10. My stepkid doesn’t like me, why should I like or even love him?  Simple:  because God commands us to.  And I don’t know about you, but God is the boss of me.  I’m imperfect, I fail often, but I try to remember the commands my boss has given me.  In Matthew 5:43-44 (NIV) we are told, “You have heard that it was said, ‘Love your neighbor and hate your enemy.’ But I tell you, love your enemies and pray for those who persecute you.”  Love them anyway.  

Stepmom are brave, amazing, tough, and admirable.   I firmly believe God has planted stepmoms right where they can impact and bless others.  You got this, Stepmama.  Happy Mother’s Day!

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The Protective Stepmom

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In 1995 the CDC and Kaiser Permanente began a study looking at the impact that Adverse Childhood Events (ACEs) have on people later in life. ACEs are serious, impactful, often traumatic events that kids experience early in life. ACEs include things done directly to a child such as emotional abuse, physical abuse, sexual abuse or neglect; and things that may have occurred in the household like domestic violence, someone in the house with substance use or mental health issues, parental separation or divorce. Over 17,000 people participated in the study; they were mostly white middle-class educated people. The researchers found that two thirds of the people had experienced at least one ACE; and more than one in five people had experienced three or more ACEs. The participants’ medical data was followed to see how ACEs impacted their health later in life. They found that those with ACEs had an increased risk for things including: alcoholism, multiple sexual partners, drug use, depression, liver disease, financial stress, sexually transmitted diseases, suicide attempts, risk for intimate partner violence, poor academic achievement and more.

Are kids who have experienced ACEs such as parental divorce, difficult family circumstances or abuse histories destined for a life of hardship then? Experts say not necessarily. There are protective factors that can help cushion kids from negative outcomes. Protective factors are self-characteristics or positive influences in their lives that help them be more resilient. The more resilient a child is, the less the ACEs will impact him or her.

You might be thinking: what are some protective factors? One of the biggest ones is a safe, stable, loving relationship with an adult. Guess what stepmoms? That could be YOU. You may never take the place of bio mom (nor should you want to), you may never get top billing or credit for all of the love you have in your heart or the work that you do. But you could make a huge difference in the life of your stepchild. Sure, your name may never be lit up on a billboard, there may be no fireworks and no award. Rather, you may be the quiet presence in the background of the family. But your loving, stable, constant, positive, appropriate, faithful, hopeful actions could help your stepchild be resilient. And a resilient kid means less chance for those negative medical and social outcomes listed above.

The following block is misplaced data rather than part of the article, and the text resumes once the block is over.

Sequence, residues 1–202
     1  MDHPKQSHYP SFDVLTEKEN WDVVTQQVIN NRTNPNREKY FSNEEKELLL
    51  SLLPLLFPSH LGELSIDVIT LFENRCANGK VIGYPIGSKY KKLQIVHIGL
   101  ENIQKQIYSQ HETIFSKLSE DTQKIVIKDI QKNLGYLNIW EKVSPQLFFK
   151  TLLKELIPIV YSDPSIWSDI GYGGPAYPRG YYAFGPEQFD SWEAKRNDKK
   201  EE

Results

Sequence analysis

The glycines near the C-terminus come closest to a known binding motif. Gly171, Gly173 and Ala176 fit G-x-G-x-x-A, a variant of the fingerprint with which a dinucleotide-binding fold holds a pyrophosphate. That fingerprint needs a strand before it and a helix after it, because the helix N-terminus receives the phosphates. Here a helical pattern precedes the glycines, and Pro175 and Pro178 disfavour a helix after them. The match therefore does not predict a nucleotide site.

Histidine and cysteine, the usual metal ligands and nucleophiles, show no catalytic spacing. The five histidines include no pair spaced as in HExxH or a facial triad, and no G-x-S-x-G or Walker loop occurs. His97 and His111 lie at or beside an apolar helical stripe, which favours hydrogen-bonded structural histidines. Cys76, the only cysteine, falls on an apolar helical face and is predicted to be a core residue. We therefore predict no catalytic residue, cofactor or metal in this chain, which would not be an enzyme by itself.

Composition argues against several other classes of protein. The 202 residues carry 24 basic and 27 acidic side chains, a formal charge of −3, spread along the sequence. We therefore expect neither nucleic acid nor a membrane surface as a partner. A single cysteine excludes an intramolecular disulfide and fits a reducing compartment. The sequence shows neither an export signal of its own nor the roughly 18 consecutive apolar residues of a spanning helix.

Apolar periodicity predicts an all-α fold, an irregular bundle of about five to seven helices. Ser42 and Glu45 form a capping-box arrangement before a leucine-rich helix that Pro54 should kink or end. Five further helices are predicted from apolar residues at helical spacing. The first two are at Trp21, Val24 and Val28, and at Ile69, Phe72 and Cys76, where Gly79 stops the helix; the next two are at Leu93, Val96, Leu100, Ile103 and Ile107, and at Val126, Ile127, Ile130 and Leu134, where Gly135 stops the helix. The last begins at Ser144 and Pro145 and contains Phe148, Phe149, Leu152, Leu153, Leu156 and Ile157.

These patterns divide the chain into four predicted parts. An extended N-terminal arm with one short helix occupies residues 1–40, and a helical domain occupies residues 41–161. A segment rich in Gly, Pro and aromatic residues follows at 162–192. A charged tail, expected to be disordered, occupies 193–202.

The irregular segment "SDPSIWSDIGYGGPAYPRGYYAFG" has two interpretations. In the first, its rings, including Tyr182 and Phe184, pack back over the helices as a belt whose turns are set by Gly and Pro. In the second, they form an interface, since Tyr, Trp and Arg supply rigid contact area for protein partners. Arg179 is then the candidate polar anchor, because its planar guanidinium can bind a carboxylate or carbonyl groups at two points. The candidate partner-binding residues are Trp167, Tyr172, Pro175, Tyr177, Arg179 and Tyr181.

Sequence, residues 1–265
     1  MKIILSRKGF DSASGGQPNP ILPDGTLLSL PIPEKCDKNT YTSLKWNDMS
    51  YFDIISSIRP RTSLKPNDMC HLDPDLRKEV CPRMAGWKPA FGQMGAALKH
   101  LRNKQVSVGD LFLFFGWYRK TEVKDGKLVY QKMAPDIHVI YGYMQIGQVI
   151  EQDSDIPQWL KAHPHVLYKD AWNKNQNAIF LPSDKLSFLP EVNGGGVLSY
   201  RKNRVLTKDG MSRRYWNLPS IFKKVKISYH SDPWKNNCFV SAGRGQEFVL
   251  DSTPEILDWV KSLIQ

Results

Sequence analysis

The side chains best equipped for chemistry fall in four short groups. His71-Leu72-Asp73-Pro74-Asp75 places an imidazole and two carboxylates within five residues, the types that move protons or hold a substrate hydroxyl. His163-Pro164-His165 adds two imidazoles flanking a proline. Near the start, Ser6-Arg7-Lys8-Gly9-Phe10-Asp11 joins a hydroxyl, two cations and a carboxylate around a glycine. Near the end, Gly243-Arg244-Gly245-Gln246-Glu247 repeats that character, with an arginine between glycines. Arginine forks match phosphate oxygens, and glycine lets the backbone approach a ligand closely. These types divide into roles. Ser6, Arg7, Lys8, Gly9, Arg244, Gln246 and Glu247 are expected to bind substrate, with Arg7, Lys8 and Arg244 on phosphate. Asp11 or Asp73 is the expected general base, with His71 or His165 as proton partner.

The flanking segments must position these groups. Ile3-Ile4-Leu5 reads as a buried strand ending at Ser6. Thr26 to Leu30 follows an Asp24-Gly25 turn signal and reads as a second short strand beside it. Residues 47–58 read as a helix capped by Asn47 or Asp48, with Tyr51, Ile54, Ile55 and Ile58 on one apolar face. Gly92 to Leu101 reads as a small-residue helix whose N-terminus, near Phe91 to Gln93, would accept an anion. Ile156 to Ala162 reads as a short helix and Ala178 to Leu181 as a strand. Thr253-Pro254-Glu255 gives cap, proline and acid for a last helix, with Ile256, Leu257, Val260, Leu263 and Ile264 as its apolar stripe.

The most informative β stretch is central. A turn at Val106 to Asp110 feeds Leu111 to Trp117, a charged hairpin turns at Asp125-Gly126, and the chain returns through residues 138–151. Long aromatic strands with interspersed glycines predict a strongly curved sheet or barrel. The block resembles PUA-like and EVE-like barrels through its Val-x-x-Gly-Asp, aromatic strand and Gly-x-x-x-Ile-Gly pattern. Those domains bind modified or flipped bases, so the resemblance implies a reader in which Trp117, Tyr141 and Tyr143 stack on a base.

I don’t know about you, but I’d rather help a kid be healthy than get a trophy. How about you?

Today I am thankful for the opportunity to help others with the gifts that God gave us.

God talks about our gifts and the way we should serve others in Romans 12:8;10-13 (NIV): “if it is to encourage, then give encouragement; if it is giving, then give generously; if it is to lead, do it diligently; if it is to show mercy, do it cheerfully…Be devoted to one another in love. Honor one another above yourselves. Never be lacking in zeal, but keep your spiritual fervor, serving the Lord. Be joyful in hope, patient in affliction, faithful in prayer. Share with the Lord’s people who are in need. Practice hospitality.”

What are your gifts and what are you thankful for?

To read more about the ACE study: https://www.cdc.gov/violenceprevention/acestudy/about.html

To learn more about protective factors and resiliency read what the Minnesota Department of Health has to say here:
http://www.health.state.mn.us/divs/cfh/program/ace/resilience.cfm

Five Ways to Unintentionally Hurt your Blended Family

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Being a stepmom is a crash course in a whole different world.   Most women are tremendously unprepared for the life of a stepmom.  We thought we were getting a fairy tale and it is often anything but.   It’s definitely not for the weak.   In the spirit of information sharing, here are some ways to unintentionally hurt your husband and stepkids.  (In other words, stuff you SHOULDN’T do.).

  1. Insist that your stepkids call you “mom.”  Be really clear in your heart & mind:  you are not mom.  Whether bio mom lives right down the road, is deceased, resides in jail or lives across the country:  you are not mom.  You might do mom-like tasks, you might love your stepkids, but you are not mom. Bio mom might have been abusive to her children…but you are still not mom.  You might be lucky to transition from babysitter status to friend to aunt to parental figure, but that takes time and relationship building.  Each child is different.  One child might eventually decide to call you  “mom” but to another child you may forever be “dad’s wife.”   Take joy in serving Him in all you do, not in what you are labeled.  No matter what you are called, you have a great opportunity to make an impact. So don’t force the kids to call you “mom” or treat you as such.
  2. Don’t back up your husband.    In a godly marriage, the husband is the head of the household.  This doesn’t mean unilateral decisions.  A wise husband consults his wife (yes, even when she is not his first wife) and carefully considers her input.  Ultimately he may make the final decision, especially when it comes to his bio kids.  Remember he is balancing the long term vision of what’s best for everyone (not just responding to the here & now), the perspective of his kids, relationship with his ex, impact on the blended family and more.  Respect his decision.  Demonstrate a united front to your stepkids. Even when you disagree with dad, you can model respect for his decisions.  One of the greatest gifts you can give the kids is modeling a healthy marriage. So, do support your husband.